Moffett, mediator, briefly head of a baseball union, died at 90
Kenneth Moffett, the federal mediator in the 1981 baseball strike that briefly succeeded Marvin Miller as head of the players’ association, has died. He was 90 years old.
Moffett died on Nov. 19 at his home in Alexandria, Virginia, his wife, ex-Mary Taddeo, said. He had been suffering from dementia for about six months and the death certificate cited natural causes, she said on Monday.
His death was first reported by the Washington Post.
Moffett was with the Federal Mediation and Conciliation Service in 1980, when baseball players and owners struck a deal that postponed a work stoppage until the following year. As Deputy Director of the FMCS during the 50-day strike that interrupted the 1981 season, he shuttled between parties, organized bargaining sessions and suggested settlement frameworks.
He also worked for the FMCS during the August 1981 strike by the Professional Air Traffic Controllers Organization against the Federal Aviation Administration. President Ronald Reagan ordered the dismissal of workers who did not return to their jobs.
Moffett said in 1994 that baseball negotiations were different from all other types of collective bargaining.
“It’s done in a fish bowl,” Moffett told The Associated Press. “Every statement, every press release – whatever it is – is for public consumption. In most negotiations, you don’t hear a noise until there’s a settlement. “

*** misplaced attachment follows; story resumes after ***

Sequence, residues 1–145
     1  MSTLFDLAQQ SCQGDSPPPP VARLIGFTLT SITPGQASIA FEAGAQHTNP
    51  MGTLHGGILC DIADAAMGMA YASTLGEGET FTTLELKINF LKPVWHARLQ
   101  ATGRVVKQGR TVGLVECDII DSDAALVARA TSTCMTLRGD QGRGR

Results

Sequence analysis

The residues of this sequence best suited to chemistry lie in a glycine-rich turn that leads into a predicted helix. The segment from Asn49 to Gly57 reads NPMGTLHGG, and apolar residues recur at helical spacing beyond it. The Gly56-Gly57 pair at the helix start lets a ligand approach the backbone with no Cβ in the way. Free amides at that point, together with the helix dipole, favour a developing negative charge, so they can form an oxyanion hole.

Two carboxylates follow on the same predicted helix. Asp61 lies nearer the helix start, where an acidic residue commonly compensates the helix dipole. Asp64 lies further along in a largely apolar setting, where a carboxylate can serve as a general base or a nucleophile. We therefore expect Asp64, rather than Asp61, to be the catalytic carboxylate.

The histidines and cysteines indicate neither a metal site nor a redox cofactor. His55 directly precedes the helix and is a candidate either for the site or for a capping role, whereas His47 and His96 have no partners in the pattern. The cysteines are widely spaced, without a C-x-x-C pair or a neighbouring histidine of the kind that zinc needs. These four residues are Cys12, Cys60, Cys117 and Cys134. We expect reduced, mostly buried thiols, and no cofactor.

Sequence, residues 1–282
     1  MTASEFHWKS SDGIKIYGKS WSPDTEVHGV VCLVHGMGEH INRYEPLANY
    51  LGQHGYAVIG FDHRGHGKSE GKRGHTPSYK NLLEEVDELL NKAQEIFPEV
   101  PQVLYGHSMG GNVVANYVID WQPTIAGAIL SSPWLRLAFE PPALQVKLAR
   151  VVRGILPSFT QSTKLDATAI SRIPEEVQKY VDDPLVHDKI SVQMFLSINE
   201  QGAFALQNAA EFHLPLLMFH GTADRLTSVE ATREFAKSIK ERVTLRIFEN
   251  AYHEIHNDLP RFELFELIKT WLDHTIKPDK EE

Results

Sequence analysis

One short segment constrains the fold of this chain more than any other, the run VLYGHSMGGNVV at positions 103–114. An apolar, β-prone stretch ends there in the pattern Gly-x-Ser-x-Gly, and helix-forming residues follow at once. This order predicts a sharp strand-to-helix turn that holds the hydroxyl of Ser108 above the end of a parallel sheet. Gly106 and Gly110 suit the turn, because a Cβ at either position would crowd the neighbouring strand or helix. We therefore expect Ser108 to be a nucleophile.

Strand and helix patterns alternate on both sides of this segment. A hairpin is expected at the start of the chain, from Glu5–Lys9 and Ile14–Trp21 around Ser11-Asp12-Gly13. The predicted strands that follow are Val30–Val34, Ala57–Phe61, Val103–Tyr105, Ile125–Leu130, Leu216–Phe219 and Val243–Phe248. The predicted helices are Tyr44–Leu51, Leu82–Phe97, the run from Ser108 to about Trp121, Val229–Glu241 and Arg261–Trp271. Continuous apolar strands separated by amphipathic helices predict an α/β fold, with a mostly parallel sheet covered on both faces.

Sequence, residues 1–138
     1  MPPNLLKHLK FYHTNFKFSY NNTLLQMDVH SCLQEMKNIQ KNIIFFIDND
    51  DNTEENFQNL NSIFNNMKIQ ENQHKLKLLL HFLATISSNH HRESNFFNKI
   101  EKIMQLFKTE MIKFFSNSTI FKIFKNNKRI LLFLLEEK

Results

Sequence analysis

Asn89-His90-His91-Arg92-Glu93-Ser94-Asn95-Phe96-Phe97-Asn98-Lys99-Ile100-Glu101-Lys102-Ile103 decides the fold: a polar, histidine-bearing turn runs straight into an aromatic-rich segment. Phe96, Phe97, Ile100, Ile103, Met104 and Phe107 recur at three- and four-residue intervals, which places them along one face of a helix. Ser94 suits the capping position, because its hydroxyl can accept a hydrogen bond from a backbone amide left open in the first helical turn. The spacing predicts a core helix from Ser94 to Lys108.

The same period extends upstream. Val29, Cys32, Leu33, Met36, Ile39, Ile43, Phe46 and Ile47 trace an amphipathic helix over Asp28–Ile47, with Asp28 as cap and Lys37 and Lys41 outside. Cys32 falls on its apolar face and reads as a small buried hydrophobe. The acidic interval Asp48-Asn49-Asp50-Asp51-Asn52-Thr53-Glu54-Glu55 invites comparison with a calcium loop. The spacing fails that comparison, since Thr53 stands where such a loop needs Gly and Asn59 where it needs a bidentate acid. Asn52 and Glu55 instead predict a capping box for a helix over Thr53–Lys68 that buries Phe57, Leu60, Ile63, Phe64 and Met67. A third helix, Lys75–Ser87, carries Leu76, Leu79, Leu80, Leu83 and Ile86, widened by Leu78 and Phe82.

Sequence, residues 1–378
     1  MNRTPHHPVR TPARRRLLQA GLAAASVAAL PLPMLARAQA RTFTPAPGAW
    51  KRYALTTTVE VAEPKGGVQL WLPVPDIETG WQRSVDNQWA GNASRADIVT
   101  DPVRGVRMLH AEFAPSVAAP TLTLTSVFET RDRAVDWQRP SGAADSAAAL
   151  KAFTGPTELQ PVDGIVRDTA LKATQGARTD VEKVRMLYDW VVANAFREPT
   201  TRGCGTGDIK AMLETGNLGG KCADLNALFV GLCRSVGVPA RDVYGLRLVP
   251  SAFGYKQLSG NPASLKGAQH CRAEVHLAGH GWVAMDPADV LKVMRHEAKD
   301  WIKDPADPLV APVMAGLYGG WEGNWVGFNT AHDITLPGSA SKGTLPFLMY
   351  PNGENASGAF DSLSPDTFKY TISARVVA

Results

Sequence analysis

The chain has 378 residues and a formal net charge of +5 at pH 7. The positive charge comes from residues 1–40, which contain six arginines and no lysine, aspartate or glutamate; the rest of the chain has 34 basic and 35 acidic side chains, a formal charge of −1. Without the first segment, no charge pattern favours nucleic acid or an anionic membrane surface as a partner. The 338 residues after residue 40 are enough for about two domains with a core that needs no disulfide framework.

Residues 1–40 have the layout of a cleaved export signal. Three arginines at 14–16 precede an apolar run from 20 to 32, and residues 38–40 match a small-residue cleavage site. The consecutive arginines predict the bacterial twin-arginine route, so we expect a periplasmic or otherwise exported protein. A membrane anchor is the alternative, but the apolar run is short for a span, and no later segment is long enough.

As the union strike deadline approached in 1994, Moffett said, “My gut reaction is that it looks like nothing has changed. … The problems are always the same.
Moffett was hired in December 1982 as the second executive director of the Major League Baseball Players Association and took over on January 1, 1983, when Miller retired before his 66th birthday. Moffett got a three-year contract, but only lasted 10 and a half months and was fired on November 22 by the union’s executive board.
Donald Fehr, then general counsel for the union, took over as interim executive director on December 8, became full-time executive director in January 1986, and held the top spot until his retirement in December 2009.
Moffett became assistant to the president of the National Association of Broadcast Employees and Technicians in 1985. This union merged with the Communications Workers of America in 1994. He retired in 2003 as director of human resources for the CWA.
Moffett is survived by his fourth wife, whom he married in 1999; and three children of his first wife, Barbara: his son Kenneth Jr., director of negotiations at the National Treasury Employees Union; son Jean; daughter Laura Tornell; and brothers Robert and Jack. Moffett’s three previous marriages have ended in divorce.
A memorial service is scheduled for Friday at Our Lady Queen of Peace in Arlington.